First of all, I apologize big time for a "how do you say" plea.
I'm abroad in Berlin and am proficient but not fluent in German. I somehow managed to crack/chip/break one of my front teeth, presumably on a wheat beer glass.
Anyway, I probably ought to get it filled. How would you say "do I need to get this filled?" or "can I get this done/filled here?"
Soll ich es ausgefüllt lassen? Kann ich das hier tun?
Vielen Dank im Voraus!
I'm hoping this makes my request a little better: include phrases you feel are important or helpful for a doctor/dentist/health visit in any language.
I was at a restaurant in Jutland and decided to indulge in a big dessert because the tab was on my job. The waitress remarked to my co-workers something like "Hun er lille og dovn", but I know she didn't say "dovn", it was just a word that sounded like that. My co-workers responded to her something about me wanting a big dessert after my vegetarian meal. And when she left my co-workers said to me "Oh, don't take it personally." So now I'm curious about what she actually said. Is there a word that is one syllable and begins with D that is slightly derogatory and means greedy or hungry or something along those lines?
I bought this map at the flea market for like 3 dollars. It's a replica of a larger map created by Janszon Blaeu. Two paragraphs at the bottom of the map say the map was created somewhere around 1650 AD.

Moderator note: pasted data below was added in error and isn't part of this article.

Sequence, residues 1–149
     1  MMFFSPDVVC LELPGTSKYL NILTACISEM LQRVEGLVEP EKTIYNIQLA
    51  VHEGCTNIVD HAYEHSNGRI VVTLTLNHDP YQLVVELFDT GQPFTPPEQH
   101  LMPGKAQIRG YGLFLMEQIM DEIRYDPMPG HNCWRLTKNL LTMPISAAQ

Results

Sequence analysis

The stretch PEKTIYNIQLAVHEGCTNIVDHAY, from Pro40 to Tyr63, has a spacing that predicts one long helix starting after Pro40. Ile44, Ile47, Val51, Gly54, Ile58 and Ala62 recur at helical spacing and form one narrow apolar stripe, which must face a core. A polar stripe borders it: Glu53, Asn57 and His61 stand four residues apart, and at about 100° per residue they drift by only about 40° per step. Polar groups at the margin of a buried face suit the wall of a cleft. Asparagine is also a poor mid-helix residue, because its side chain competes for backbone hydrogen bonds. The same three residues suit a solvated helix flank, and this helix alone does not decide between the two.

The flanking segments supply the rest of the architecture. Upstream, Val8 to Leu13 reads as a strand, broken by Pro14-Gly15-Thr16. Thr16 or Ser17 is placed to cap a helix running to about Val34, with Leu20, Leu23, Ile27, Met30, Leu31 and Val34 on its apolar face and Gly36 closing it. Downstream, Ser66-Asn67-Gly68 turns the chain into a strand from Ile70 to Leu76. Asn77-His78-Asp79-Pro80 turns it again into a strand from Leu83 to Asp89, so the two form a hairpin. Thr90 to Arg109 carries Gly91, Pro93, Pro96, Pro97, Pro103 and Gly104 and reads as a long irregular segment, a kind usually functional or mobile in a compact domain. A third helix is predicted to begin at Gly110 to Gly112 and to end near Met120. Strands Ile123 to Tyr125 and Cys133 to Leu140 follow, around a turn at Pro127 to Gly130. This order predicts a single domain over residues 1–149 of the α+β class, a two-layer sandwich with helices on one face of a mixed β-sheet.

It immediately caught my attention for two things: the Latin title and what appears to be what would become Spanish. But am not sure, that's why I'm hoping any of you who have studied the Romance languages in-depth can tell me.
First, for all you Latin buffs:
NOVA TOTIVS TERrAROM SIVE NOVI ORBIS TABVLA, auß G. BLaeu
-The little "r" in the actual title is a "R" but smaller and is actually elevated, in between R and A.
-The "O" in TERrAROM looks like it has horns. Is this an actual "O" or something else?
-"ß" is spelled backwards. The closest I could find was "ß" to represent it.
I want to translate it as: "Table of the 7 continents of the new world." But I doubt it means that. Any ideas?
Now, onto what I think is Spanish to be. These are some of the words that lie through out the map:
Mar Del Nort
Mar Del ZVR
Mari Di India
Carlo II Re Di Spagna
Le Roy De Svede
What do you think? I'm basing my Spanish theory on "Del," "Nort," "America Medio," etc... Or is it just Latin? Maybe even Catalan. Then again, I'm also thinking it's a mix of Italian given "Di" and French given "Le Roy De...."